On Tuesday, drugmaker Moderna raised further concerns in financial markets by warning that COVID-19 vaccinations are unlikely to be as successful against the Omicron variation as they have been against the Delta variant.
Crude oil futures fell more than a dollar, the Australian dollar fell to a year low, and the Nikkei lost ground after Stéphane Bancel’s statements fueled worries that vaccination resistance would lead to increased illness and hospitalizations, extending the epidemic.
“I don’t think there is a world where (efficiency) is at the same level… as we had with Delta,” Moderna CEO Bancel told the Financial Times in an interview.
“I believe it will be a substantial decline. I’m just not sure since we have to wait for the data. But every scientist I’ve talked to says, ‘This isn’t going to work.’ “Bancel stated.
Omicron, which the World Health Organization (WHO) has classified as having a “very high” risk of infection spikes, has sparked worldwide concern, with border restrictions casting a pall over the country’s fledgling economic recovery after a two-year epidemic.
On Friday, news of its existence took almost $2 trillion off the value of global markets, though some calm was restored this week as investors awaited further details on Omicron’s qualities. FRX
President Joe Biden’s assurances that the US will not impose lockdowns had also helped calm markets before the Moderna CEO’s comments frightened investors.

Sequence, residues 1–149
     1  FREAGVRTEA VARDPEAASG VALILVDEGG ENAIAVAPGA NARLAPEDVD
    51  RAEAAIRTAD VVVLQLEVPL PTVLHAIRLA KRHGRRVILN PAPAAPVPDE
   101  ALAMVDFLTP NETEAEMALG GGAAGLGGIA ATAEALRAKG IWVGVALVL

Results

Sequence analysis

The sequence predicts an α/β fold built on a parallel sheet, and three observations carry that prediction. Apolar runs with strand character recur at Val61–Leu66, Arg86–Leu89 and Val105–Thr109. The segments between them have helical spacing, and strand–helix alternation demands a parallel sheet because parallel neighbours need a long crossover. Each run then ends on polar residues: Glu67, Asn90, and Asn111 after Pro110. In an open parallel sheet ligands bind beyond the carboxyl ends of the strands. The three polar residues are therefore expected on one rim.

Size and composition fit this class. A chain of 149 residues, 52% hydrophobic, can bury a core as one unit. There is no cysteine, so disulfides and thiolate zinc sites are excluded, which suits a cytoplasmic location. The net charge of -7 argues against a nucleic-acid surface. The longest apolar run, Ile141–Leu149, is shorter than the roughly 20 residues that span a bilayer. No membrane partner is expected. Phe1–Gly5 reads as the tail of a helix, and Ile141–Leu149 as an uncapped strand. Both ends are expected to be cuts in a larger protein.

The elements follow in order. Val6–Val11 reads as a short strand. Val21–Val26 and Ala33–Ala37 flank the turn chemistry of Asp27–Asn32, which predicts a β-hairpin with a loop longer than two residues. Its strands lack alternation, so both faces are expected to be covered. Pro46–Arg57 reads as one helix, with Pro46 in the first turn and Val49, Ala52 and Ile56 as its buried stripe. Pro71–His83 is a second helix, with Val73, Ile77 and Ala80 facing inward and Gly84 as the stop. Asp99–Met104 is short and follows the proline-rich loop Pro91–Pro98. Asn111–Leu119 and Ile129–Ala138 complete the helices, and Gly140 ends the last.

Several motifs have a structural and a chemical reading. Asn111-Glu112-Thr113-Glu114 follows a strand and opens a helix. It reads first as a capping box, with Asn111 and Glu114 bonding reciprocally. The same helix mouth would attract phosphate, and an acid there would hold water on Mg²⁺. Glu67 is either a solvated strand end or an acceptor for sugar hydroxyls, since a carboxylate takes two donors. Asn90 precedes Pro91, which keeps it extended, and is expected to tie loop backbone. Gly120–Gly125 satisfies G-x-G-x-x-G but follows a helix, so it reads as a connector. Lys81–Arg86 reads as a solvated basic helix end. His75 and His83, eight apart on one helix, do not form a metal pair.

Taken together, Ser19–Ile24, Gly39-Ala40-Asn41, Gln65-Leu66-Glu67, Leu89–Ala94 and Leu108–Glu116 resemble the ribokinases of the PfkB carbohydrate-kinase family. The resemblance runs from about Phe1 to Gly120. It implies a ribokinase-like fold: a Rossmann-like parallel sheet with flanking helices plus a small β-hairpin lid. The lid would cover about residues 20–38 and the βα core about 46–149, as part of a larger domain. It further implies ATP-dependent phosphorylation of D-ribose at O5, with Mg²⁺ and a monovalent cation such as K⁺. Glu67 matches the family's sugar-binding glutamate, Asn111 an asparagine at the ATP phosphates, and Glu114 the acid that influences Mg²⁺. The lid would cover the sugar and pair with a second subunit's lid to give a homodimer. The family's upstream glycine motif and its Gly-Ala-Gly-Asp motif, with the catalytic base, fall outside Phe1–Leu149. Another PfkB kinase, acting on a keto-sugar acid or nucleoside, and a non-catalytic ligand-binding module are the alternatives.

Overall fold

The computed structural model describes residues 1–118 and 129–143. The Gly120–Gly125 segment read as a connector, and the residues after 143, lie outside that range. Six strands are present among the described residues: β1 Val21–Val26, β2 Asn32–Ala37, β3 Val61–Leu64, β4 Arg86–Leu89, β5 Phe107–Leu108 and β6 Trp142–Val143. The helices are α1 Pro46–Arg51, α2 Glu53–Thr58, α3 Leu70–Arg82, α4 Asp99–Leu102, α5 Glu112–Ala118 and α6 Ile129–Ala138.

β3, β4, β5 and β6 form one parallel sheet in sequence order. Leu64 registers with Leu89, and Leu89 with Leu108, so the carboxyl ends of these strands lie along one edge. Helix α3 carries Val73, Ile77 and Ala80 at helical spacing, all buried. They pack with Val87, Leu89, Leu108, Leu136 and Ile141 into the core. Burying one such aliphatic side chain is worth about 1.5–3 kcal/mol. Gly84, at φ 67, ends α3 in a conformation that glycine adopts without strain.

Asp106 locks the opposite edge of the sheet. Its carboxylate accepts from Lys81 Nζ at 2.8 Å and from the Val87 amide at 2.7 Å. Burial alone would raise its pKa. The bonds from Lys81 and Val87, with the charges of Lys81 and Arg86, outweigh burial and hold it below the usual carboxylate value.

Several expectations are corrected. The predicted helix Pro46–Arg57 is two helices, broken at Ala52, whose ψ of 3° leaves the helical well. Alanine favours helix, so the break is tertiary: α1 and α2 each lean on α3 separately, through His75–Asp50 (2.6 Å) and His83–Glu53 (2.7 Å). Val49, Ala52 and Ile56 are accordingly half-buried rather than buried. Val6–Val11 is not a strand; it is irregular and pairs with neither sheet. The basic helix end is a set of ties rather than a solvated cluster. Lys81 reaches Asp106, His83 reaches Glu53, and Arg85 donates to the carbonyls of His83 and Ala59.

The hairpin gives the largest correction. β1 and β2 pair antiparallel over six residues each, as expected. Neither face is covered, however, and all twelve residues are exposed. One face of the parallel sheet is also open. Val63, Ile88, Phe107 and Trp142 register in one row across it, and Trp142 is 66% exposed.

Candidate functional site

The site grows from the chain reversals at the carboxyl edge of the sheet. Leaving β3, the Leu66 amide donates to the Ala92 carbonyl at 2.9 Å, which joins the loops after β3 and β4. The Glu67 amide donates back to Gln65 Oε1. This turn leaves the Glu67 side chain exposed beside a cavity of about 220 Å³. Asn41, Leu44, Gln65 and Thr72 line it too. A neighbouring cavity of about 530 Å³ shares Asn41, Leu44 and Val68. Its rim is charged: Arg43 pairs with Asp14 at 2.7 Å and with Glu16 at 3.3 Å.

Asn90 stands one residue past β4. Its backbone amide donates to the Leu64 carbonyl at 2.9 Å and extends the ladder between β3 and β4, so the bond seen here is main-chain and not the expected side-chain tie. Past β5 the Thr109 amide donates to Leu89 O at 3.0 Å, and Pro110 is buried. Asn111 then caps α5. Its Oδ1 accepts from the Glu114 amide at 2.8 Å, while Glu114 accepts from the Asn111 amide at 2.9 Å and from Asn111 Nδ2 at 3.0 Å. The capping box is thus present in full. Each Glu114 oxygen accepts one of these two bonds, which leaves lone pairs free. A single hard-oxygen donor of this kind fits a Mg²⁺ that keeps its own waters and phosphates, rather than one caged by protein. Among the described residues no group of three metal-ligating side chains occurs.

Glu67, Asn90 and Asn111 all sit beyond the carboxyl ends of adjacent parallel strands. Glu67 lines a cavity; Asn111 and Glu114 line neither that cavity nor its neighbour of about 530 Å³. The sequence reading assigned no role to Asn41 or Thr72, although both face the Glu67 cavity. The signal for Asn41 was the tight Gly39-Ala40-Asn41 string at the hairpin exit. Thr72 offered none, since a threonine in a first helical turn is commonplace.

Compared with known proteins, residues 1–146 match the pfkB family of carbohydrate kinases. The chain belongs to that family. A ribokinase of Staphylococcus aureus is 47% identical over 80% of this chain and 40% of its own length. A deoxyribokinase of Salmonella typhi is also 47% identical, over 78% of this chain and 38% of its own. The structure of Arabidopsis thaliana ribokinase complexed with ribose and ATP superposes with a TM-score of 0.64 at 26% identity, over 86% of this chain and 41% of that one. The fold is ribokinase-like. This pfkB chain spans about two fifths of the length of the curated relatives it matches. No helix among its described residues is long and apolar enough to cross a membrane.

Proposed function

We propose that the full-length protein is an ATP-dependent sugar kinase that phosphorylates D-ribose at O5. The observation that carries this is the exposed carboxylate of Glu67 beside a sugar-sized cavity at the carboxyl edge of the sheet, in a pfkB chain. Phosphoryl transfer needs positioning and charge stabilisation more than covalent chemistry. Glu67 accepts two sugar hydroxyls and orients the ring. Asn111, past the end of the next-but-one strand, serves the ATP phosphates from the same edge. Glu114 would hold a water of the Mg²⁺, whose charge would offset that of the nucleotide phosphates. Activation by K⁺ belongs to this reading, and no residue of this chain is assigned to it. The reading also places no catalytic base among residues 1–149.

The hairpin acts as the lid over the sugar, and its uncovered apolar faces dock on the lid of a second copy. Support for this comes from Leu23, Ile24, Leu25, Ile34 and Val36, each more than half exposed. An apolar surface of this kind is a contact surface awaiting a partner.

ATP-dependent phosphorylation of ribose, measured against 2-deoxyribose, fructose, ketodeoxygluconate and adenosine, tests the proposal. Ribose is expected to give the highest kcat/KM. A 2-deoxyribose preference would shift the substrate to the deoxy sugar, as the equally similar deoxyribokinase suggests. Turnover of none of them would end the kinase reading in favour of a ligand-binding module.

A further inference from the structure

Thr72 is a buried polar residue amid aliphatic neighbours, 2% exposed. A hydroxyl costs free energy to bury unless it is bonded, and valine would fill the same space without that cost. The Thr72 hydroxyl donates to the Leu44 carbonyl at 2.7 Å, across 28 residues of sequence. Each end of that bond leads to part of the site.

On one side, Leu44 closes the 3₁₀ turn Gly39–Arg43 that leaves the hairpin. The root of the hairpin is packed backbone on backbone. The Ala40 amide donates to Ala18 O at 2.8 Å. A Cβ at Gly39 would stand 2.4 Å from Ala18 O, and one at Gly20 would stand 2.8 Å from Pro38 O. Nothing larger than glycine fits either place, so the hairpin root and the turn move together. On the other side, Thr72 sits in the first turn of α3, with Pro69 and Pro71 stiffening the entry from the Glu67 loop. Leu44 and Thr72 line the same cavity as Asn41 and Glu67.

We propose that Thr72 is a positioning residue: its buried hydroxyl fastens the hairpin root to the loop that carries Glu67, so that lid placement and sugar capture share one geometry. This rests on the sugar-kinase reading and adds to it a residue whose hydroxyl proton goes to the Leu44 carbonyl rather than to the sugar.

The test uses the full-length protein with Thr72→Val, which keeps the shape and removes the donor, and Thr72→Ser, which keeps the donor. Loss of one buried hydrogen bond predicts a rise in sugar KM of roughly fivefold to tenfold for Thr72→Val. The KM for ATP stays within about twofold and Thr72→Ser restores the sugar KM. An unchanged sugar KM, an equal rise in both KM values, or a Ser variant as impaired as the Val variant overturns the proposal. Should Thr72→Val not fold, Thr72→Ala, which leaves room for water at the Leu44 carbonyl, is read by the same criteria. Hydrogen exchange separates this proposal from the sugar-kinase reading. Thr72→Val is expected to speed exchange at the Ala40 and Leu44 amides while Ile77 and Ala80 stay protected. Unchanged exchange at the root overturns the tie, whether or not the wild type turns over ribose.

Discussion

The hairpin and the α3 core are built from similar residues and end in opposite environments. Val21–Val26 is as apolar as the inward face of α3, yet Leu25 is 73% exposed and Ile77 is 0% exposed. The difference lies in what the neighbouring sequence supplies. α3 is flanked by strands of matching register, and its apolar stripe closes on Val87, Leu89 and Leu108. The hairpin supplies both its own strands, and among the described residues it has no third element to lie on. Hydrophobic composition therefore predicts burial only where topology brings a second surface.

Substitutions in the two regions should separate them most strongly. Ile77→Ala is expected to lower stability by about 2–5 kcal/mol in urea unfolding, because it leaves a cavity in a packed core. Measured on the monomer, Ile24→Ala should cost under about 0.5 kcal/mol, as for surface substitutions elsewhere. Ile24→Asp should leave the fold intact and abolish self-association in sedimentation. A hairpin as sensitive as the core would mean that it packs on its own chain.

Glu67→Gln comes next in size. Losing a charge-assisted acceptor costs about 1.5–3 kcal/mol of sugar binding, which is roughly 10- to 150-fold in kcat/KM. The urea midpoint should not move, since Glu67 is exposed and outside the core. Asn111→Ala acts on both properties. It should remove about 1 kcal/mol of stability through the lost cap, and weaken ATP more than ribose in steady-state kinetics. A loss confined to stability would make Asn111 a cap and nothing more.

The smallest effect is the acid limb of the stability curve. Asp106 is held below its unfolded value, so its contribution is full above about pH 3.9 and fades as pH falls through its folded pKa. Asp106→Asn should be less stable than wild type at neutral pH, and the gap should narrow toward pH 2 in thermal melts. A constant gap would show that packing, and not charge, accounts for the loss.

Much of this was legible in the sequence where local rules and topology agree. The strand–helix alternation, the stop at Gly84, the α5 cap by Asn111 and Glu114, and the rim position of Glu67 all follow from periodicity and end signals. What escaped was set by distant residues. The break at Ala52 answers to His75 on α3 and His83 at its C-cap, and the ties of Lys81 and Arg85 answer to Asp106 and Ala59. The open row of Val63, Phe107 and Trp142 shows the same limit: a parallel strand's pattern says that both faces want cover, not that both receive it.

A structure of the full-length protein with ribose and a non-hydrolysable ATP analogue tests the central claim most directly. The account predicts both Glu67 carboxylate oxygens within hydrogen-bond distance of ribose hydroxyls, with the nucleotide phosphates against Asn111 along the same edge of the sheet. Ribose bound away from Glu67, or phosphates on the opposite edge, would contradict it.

Biden has advocated for more vaccination, while the Centers for Disease Control and Prevention has advised everyone over the age of 18 to get a booster injection. In response to Omicron concerns, the United Kingdom has extended its COVID-19 booster program.
“Due to the amount of mutations that may enable it spread or dodge antibodies from past infection or immunization, the World Health Organization designated Omicron as a “variant of concern.” Omicron was designated as a “variant of concern” by the World Health Organization owing to the amount of mutations that might aid in its spread or avoid antibodies from past infection or immunization.
CURBS IN HONG KONG EXPAND
Fear about the new version has spurred nations around the world to strengthen border restrictions fast in order to avoid a repeat of last year’s draconian lockdowns and severe economic downturns. more info
The Hong Kong government has increased a prohibition on admission for non-residents from a number of nations. Non-residents from Angola, Ethiopia, Nigeria, and Zambia will be denied entry as of Nov. 30.
Non-residents who have visited Austria, Australia, Belgium, Canada, the Czech Republic, Denmark, Germany, Israel, or Italy in the previous 21 days will also be barred from entering the city starting of December 2.
The global financial center, one of the latest to pursue a zero-COVID approach, has already barred non-residents from South Africa, Botswana, Eswatini, Lesotho, Malawi, Mozambique, Namibia, and Zimbabwe from entering.
Five travelers in Australia tested positive for Omicron.
They have been vaccinated and are in quarantine, according to authorities, who added that they are asymptomatic or have very weak symptoms.
Singapore’s health ministry stated that two Johannesburg residents who tested positive for the variation in Sydney had transited through Changi airport.
Authorities in Australia have also discovered a sixth passenger who was most likely infected with the variation and had previously spent time in the community.